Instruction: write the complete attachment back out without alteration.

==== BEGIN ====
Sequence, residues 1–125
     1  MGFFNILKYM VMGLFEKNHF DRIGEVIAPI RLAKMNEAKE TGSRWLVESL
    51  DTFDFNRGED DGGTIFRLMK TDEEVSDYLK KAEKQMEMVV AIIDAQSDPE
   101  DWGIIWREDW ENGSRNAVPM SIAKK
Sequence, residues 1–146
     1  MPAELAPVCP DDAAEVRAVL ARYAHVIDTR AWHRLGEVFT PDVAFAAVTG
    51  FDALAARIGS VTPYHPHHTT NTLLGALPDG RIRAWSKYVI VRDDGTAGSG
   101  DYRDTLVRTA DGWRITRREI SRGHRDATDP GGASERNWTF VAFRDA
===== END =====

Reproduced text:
Sequence, residues 1–125
     1  MGFFNILKYM VMGLFEKNHF DRIGEVIAPI RLAKMNEAKE TGSRWLVESL
    51  DTFDFNRGED DGGTIFRLMK TDEEVSDYLK KAEKQMEMVV AIIDAQSDPE
   101  DWGIIWREDW ENGSRNAVPM SIAKK
Sequence, residues 1–146
     1  MPAELAPVCP DDAAEVRAVL ARYAHVIDTR AWHRLGEVFT PDVAFAAVTG
    51  FDALAARIGS VTPYHPHHTT NTLLGALPDG RIRAWSKYVI VRDDGTAGSG
   101  DYRDTLVRTA DGWRITRREI SRGHRDATDP GGASERNWTF VAFRDA